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Endangered Captive-Born Mexican Gray Wolf Found Dead in Arizona

The Arizona Game and Fish Department (AZGFD) announced in the Mexican Wolf Recovery Program Monthly Update that an endangered Mexican gray wolf was found dead in Arizona in August. The male, known as Max or m1911, was cross-fostered into the wild in 2019.

Cross-fostering is a coordinated event where captive-born pups are introduced into a similar-aged wild litter to be raised by surrogate parents. According to U.S. Fish and Wildlife Service’s (USFWS)’s Initial Release and Translocation Proposal for 2019, Mexican gray wolves within the wild population are as related to one another as full siblings. This cross-foster recovery technique provides the opportunity to augment the population’s genetics.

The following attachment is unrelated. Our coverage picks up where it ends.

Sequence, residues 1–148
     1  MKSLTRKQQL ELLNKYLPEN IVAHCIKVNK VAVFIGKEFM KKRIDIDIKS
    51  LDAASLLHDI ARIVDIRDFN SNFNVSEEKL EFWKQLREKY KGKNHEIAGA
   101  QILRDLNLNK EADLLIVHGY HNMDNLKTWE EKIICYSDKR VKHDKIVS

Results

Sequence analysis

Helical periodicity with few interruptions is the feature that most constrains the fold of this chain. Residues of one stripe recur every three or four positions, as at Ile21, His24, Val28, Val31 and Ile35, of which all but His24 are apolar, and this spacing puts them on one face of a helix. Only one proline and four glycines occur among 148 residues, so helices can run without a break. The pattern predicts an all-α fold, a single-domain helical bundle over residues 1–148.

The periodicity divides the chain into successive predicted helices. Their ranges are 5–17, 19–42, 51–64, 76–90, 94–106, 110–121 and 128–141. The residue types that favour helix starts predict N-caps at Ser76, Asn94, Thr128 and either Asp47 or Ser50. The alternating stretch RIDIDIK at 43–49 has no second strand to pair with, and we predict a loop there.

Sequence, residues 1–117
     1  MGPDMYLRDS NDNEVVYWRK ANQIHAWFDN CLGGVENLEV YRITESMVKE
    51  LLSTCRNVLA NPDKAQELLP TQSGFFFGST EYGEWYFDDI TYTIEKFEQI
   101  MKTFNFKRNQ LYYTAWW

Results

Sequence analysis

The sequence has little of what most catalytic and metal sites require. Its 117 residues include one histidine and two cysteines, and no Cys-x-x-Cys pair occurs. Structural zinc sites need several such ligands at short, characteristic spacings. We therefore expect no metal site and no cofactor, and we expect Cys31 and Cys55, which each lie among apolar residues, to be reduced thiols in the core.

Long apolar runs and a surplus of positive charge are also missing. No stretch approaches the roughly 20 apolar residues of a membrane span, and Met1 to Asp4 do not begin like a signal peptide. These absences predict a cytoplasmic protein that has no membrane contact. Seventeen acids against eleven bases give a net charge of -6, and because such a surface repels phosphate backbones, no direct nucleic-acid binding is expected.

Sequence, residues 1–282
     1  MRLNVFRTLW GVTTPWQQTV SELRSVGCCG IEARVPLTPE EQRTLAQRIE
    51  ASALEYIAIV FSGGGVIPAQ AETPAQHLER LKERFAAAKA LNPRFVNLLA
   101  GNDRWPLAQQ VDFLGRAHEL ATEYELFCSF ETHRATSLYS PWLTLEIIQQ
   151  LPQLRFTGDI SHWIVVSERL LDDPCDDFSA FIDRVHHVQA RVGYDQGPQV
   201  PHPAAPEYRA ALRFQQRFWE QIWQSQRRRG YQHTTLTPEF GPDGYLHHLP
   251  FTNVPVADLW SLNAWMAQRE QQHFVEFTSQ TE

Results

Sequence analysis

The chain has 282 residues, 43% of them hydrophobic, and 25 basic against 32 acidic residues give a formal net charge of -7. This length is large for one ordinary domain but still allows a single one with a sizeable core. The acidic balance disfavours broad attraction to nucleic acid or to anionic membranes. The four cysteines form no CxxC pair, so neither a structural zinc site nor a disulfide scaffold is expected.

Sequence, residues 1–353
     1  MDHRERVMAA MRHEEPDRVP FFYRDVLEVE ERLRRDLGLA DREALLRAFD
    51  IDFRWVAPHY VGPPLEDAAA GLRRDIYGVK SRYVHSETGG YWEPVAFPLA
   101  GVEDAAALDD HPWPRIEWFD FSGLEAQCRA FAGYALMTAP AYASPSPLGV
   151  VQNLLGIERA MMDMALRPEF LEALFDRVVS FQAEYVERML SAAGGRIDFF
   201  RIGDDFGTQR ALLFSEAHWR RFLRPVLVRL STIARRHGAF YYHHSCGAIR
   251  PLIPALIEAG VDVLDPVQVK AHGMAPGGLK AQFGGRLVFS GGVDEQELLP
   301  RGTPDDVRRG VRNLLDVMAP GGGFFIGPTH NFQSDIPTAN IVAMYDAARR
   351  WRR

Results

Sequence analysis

Max and four of his siblings were given the opportunity of a lifetime when they received the call of the wild at just a few days old; their birth at the Endangered Wolf Center in Missouri coincided with the birth of a wild litter of pups. Max was cross-fostered into the Frieborn pack in Arizona and, much to the excitement of the entire conservation community, was captured during the annual winter survey in January 2020 – he had survived his first year in the wild! He was fitted with a tracking collar so biologists could continue to monitor his movements, which allowed the Interagency Field Team (IFT) to later learn that Max was traveling with a wild born female, f1823. The duo became known as the Bear Canyon Pack.

Sadly, Max’s wild future was cut short in August. While his death is tragic, it unfortunately is not uncommon; from January 1 to August 31, 2020, the IFT has documented 17 wolf mortalities. Max’s death is under investigation.